Jerry Maryniuk

Today we get to meet the man who has gone from being a police artist to being the person I’m declaring The Official Artist of RV Park Life.

He doesn’t look like an artist, I thought to myself as we shook hands, but then again — what does an artist look like?

At six-two and two-fifty, with a shaved head and goatee, Jerry Maryniuk looks like a biker or maybe a former linebacker. Then you start talking to him and hear his ready laugh and self-deprecating humor, and realize that he’s easy to get to know. And the first things I wanted to know about him were his memories of his police work and to see his cartoons about life in an RV park.

Jerry, Then & Now

THE POLICE ARTIST DAYS

Jerry spent 26 years with the Winnipeg police force. He didn’t start as a “forensic artist” (as the job is known in the profession), but worked a number of assignments, including drug enforcement. Along the way his artistic gifts were spotted and the Winnipeg police department sent him to the Scottsdale Artists School for training – his first visit to Arizona. From there, he earned an invitation for further training at the FBI Academy in Quantico.

He had a gift for drawing, but that’s merely a job prerequisite. What made Jerry uniquely qualified was what his mentor called his “gift of gab.” Jerry explained: “Not everyone has that, and I was able to get witnesses to be comfortable. If you can get people to relax and open up, then the memory also opens up.”

LIFE IN THE PARK: LET’S HOPE NOBODY GETS ARRESTED

After retiring from police work in his late forties, Jerry became a hunting and fishing guide and eventually he and his wife, Sharon, opened an outfitter service, doing artwork as a hobby. Then his life came apart and he gave up his art.

Only when he came to Arizona for an extended vacation did his creative juices begin to flow again. Before long, his creative energy turned to doing a series of scenes from life in an RV park, expressed as cartoons.

Here is one of my favorites, his depiction of the Wise Men of the RV Park, meeting for coffee and reminiscing.


Why did Jerry walk away from art for five years? And what about life in a Mesa RV park brought him back to his gift?

THE DARK DAYS

It took a tragedy to take Jerry from his art. His son Steve, a vibrant, much-admired kid in his twenties, collapsed, and that’s when they found a tennis-ball sized tumor in his brain. Inoperable and untreatable, they said. So his dad “closed the book on the art” and devoted that energy to an obsessive search to find that elusive miracle cure. There wasn’t one. Four and a half years after being diagnosed, Steve died December 3rd¬†of 2013.

Father and son had a long conversation just two months before the end and Jerry asked a question no father should have to ask: What did his son want his legacy to be?

Steve said he wanted to be remembered for his passion and zest for life. Even as his cancer progressed, Steve used to say to his family and friends, “I’m going to be dead soon and I’m still enjoying life. What about you?”

That’s when Jerry committed himself to the philosophy that reflected his son’s enthusiasm: NEVER WASTE A DAY.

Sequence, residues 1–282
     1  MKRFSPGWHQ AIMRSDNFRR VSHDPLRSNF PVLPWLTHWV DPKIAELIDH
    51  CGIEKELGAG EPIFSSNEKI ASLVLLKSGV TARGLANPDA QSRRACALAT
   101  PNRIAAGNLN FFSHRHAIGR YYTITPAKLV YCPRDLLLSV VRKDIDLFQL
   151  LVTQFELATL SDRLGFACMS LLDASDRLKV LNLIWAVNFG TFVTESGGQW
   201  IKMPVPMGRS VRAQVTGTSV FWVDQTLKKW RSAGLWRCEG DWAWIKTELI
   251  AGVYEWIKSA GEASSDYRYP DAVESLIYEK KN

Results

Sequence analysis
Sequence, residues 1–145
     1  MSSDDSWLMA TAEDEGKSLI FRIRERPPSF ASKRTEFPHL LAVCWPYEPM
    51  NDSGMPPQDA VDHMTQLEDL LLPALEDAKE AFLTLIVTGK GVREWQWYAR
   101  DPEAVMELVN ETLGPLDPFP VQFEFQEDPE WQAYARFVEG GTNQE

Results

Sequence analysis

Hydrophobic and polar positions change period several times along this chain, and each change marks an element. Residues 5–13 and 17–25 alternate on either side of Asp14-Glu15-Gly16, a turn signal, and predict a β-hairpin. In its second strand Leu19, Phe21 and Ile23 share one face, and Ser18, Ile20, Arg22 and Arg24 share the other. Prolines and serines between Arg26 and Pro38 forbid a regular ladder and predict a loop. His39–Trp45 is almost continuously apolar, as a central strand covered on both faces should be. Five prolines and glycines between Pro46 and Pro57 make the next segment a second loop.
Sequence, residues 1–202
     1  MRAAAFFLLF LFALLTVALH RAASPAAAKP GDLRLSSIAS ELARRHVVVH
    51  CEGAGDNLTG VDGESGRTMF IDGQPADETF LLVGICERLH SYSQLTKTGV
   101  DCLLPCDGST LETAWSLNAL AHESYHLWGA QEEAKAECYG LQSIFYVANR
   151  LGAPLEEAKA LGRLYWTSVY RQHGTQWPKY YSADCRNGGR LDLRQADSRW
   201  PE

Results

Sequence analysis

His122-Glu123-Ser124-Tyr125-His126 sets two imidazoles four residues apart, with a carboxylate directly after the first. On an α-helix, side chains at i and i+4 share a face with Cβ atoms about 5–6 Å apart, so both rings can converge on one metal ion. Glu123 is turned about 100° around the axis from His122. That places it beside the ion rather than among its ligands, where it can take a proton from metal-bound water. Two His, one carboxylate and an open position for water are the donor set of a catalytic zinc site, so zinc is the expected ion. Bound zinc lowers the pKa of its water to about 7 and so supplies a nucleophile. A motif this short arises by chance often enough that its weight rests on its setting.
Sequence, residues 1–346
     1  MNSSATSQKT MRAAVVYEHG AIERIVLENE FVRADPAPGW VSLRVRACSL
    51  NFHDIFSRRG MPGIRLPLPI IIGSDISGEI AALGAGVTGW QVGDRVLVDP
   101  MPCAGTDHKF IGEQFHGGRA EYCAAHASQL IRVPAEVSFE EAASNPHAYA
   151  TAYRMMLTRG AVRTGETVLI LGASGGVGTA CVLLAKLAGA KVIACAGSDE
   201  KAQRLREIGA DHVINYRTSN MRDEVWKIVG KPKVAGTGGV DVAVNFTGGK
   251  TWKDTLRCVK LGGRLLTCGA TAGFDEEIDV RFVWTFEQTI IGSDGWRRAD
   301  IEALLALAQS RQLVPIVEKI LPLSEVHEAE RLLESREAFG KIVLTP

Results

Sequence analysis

Jerry also wanted to find a charity to support and found himself searching for something like Make-A-Wish, but not just for kids. He found it in AngelsAnonymous.org and organized a fundraiser in honor of his son.

FINDING HIS PLACE IN THE SUN

It was during the dark days after Steve’s death that friends invited Jerry and his wife Sharon to come stay with them in Mesa, Arizona. Jerry says, “That first time was just two months after we buried our son. Sharon and I could not have been more depressed. Life can be cruel and unfair, but we’re not supposed to bury our kids.”

That trip to Arizona was the beginning of the healing. They stayed with their friends at The Resort RV Park for 17 days. Jerry knew that his son wouldn’t want his father to stay depressed, but to regain his energy and zest for life, the kind that his son had always demonstrated.

Jerry and his wife needed something to look forward to and so decided that they’d come back the next year and rent a place for a couple of months. When no rentals were available, they bought a place.

It was in the Arizona sun on that next visit that Jerry found the urge to pick up a paintbrush and told himself, “If you have a God-given talent, you shouldn’t squander it.” And because The Resort had a Ceramics room, he started creating trolls. Trolls? It is, he says, “a Scandinavian thing. I’m half Scandinavian and my wife is full. Growing up in Canada they were a part of the culture. If something goes wrong, you blame the trolls.”

He has donated a number of his pieces to charity sales/auctions, often with the proceeds going to his go-to charity, Angels Anonymous.


photo 4
Jerry is now well into his latest project, creating a book of cartoons about life in the RV park. Not surprisingly, he plans to use part of the proceeds to
support his favorite charity.

Here’s a sneak peek.



We’ll keep you posted on when the book is available and we hope Jerry will share more of his cartoons with along the way.

As for his reflections on the life in an RV park that he likes to depict in his art, he quotes his wife, Sharon, as telling him, “You’ve never been this creative.” He laughed and replied, “It’s this place. It’s so upbeat and positive it’s like a health spa.”

Said another way, RV park life has made it easier for him to live up to the motto his son inspired:

“Never waste a day.”